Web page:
Baseline and procedural characteristics. Patients in the verapamil group were older, less often male, more likely to have had a prior percutaneous coronary intervention, had a sheath >6 Fr, had longer procedural times, and were less likely to have a TR Band used. A smaller proportion of verapamil patients had hemostasis compression time >4 hours than the nitroglycerin group. Body mass index was higher in the verapamil group than the nitroglycerin group. Other baseline and procedural characteristics are displayed in Table 1.
Study outcome. The unadjusted incidence of RAO was 16.0% in the nitroglycerin group and 5.4% in the verapamil group (Table 2). Multivariable modeling for predictors of RAO showed that the type of spasmolytic regimen was not associated with RAO (odds ratio [OR], 1.24; 95% confidence interval [CI], 0.51-3.02; P=.62). Hemostatic compression >4 hours was strongly associated with RAO (OR, 5.41; 95% CI. 2.31-12.65; P<.001) (Table 3). With respect to secondary outcomes, the incidence of severe RAS during the procedure was lower in the verapamil group. The median radial artery diameter measured at 1 day post procedure was larger in the nitroglycerin group than the verapamil group (Table 2).
Our previous study showed that the administration of 500 µg intra-arterial nitroglycerin at the end of the radial procedure reduced the incidence of RAO by 38%.4 The main finding of the present study showed that the use of different spasmolytic regimens (nitroglycerin or verapamil) at the initiation of the procedure did not affect the incidence of RAO after transradial catheterization. This suggests that the administration of spasmolytic regimens at the beginning of the radial procedure has no association with RAO of the accessed radial artery.
In a common radial practice, an intra-arterial spasmolytic regimen is frequently administered prophylactically to prevent RAS.6,7 Spasmolytic regimen (eg, verapamil) inhibits the calcium ion influx through slow channels into conductile and contractile vascular smooth muscle cells.8 In humans, intravenous infusion of verapamil is eliminated bi-exponentially, with a rapid early distribution phase (half-life, ~4 minutes) and a slower terminal elimination phase (half-life, 2-5 hours). The peak therapeutic effect of verapamil occurs within 3-5 minutes after a bolus injection.8 Other spasmolytic regimens, such as nitroglycerin, also have an immediate effect after intravenous infusion and a rapid plasma half-life (~3 minutes).9 It produces vasodilation by directly relaxing vascular smooth muscle cells in the arterial walls by activation of cyclic guanosine monophosphate.10 The short half-life of nitroglycerin and the relatively low systemic dose of verapamil may be related to why initial spasmolytic regimens did not affect the patency of the radial artery during hemostasis.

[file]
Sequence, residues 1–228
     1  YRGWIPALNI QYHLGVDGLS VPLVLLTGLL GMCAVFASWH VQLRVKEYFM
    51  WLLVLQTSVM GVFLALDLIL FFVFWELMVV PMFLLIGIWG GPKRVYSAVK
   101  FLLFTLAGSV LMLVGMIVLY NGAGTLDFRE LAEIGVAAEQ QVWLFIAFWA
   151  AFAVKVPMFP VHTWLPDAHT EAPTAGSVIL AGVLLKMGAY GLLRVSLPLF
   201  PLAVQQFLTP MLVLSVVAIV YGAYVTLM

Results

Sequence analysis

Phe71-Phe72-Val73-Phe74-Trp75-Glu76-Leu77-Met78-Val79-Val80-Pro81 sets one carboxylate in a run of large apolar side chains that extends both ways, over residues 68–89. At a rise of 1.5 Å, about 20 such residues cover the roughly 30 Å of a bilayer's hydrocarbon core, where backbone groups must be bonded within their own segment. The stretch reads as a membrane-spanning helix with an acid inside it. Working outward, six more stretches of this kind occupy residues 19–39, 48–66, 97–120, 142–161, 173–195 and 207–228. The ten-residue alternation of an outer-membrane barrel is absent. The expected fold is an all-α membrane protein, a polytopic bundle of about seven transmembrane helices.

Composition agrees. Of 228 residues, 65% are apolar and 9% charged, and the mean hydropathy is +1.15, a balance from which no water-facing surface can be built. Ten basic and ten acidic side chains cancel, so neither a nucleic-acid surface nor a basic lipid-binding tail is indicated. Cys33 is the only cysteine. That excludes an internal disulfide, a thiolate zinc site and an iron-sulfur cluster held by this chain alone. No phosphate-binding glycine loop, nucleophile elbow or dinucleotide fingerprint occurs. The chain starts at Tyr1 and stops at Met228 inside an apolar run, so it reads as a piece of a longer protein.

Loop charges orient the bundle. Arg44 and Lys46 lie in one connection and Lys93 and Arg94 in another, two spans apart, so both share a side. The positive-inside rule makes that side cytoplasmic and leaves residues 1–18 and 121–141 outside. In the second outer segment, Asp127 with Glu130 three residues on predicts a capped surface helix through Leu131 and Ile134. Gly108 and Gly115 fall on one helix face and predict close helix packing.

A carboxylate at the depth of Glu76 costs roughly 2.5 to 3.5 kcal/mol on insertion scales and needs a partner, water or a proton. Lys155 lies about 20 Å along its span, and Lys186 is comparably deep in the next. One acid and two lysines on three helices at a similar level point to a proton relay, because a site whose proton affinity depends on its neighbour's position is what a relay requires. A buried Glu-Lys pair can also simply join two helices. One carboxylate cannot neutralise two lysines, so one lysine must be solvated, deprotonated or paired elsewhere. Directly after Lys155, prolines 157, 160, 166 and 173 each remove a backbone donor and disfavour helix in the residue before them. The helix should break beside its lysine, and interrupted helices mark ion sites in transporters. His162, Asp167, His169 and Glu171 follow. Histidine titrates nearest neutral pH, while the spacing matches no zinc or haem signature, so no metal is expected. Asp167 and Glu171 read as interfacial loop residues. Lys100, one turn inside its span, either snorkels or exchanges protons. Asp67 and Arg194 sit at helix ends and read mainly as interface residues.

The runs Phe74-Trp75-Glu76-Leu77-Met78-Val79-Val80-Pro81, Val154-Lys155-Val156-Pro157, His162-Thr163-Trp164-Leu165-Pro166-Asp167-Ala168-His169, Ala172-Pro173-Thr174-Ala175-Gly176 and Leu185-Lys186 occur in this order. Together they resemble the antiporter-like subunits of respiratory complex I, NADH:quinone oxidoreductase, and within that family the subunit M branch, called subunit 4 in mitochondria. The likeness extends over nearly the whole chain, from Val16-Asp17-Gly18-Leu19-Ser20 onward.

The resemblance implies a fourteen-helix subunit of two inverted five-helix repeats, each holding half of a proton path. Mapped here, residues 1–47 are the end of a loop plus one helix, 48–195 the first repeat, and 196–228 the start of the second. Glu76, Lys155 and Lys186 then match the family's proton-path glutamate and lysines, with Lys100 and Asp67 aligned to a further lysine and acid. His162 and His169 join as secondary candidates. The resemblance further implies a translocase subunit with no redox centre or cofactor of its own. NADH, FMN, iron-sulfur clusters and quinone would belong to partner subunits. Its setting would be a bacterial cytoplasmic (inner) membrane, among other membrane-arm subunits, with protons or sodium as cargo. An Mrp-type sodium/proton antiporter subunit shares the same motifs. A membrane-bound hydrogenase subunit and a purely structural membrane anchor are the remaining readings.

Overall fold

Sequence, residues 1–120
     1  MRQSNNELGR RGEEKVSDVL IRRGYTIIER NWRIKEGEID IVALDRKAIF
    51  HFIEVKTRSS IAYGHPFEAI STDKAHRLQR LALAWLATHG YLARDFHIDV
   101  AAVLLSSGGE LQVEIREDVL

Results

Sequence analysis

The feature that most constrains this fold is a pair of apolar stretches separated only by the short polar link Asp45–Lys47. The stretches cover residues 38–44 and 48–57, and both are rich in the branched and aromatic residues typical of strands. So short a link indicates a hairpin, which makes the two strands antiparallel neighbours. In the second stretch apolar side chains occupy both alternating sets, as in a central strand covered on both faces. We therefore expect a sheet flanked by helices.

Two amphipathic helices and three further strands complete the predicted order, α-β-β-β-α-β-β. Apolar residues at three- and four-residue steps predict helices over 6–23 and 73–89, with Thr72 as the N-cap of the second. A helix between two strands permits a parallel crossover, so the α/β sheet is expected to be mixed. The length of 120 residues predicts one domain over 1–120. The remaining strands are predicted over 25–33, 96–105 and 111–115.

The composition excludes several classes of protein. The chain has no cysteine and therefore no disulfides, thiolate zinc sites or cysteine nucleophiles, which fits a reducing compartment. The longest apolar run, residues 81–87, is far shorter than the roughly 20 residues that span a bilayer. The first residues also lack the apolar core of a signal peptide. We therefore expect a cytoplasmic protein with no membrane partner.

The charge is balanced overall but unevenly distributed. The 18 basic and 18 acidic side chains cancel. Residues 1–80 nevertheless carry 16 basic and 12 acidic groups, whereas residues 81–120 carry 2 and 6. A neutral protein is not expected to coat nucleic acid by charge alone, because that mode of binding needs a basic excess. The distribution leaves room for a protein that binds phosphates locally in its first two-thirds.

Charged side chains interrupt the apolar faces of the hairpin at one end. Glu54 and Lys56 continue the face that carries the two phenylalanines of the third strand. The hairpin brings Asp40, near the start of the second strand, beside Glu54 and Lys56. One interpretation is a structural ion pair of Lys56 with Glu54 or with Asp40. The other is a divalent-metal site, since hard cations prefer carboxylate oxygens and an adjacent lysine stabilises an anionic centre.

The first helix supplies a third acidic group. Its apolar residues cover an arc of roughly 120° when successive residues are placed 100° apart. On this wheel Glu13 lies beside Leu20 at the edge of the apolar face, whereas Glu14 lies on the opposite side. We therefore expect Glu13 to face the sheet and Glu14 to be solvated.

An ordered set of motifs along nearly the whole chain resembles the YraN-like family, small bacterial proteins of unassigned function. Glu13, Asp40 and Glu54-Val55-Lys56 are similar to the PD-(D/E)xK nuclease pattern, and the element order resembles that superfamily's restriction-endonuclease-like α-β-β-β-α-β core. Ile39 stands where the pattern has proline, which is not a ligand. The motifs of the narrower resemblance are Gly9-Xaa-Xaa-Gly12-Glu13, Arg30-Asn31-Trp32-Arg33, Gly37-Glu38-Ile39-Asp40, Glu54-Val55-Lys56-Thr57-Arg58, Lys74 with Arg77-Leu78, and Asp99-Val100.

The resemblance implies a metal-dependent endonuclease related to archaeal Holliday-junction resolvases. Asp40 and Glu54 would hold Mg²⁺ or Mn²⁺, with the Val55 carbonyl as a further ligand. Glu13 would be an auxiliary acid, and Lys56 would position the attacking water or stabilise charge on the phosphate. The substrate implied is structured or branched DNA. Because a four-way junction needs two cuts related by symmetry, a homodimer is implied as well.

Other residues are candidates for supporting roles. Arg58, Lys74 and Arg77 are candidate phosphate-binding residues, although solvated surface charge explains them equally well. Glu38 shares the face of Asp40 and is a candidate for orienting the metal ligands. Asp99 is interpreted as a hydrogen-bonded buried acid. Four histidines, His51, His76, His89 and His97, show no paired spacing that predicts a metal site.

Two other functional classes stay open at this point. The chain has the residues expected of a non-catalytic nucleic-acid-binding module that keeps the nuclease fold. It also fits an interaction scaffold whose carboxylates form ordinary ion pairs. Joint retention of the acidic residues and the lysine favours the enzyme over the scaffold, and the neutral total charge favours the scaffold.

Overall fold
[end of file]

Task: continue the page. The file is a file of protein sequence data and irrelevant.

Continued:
Similar with our previous findings, severe RAS was not associated with the incidence of RAO (Table 3), although we found that patients who received verapamil had lower incidence of severe RAS (Table 2). These results emphasize that RAS may not play a major role in the development of RAO. This study also found that patients in the nitroglycerin group had larger median radial artery diameters than the verapamil group, as assessed by Doppler ultrasound examination (2.95 mm vs 2.79 mm, respectively; P<.001) (Table 2). However, the effect of spasmolytic regimen on radial artery dilation needs to be further investigated.
The results of this study provide the insight that in experienced radial centers (>90% radial procedures in the lab) with experienced radial operators (performing >300 radial procedures/year), the use of a spasmolytic regimen for spasm prophylaxis needs to be reconsidered. A randomized study found that spasmolytic regimen did not significantly reduce the incidence of RAS as compared with patients who did not receive spasmolytic regimen.11 Furthermore, an international survey across 75 countries showed that nearly 14% of operators do not use a prophylactic vasodilator for transradial procedures.7 One possible explanation is that experienced radial operators may need less catheter manipulation, leading to a lower incidence of severe RAS. The routine use of a spasmolytic regimen may be indicated in training centers where residents or fellows are developing their radial techniques, or in centers less experienced with radial techniques. In daily transradial practice, the primary use of a spasmolytic regimen is as a prophylactic measure to prevent RAS when using large-bore catheters (eg, >6 Fr) or after a routine patient complains of arm pain related to RAS.
The multivariate analyses from this study further confirm the previously noted association of hemostasis duration with RAO.4,12,13 Regardless of the type of preprocedure spasmolytic cocktail used, early hemostasis (<4 hours) is strongly associated with less RAO after transradial procedures.4,12
Randomized controlled trials have shown that adequate dose of anticoagulation,14,15 early hemostasis,12 patent hemostasis,16 ulnar compression during radial hemostasis,17 and postprocedural/prehemostasis intra-arterial nitroglycerin4 are currently the best practices for reducing RAO after a transradial procedure. Whether all the techniques applied to a patient with transradial catheterization will result in a dramatic reduction of RAO needs to be investigated in detail. Meanwhile, future studies focusing on the role of different vasodilator agents administered just before hemostasis or added during hemostasis are potential areas of further research to reduce the incidence of RAO.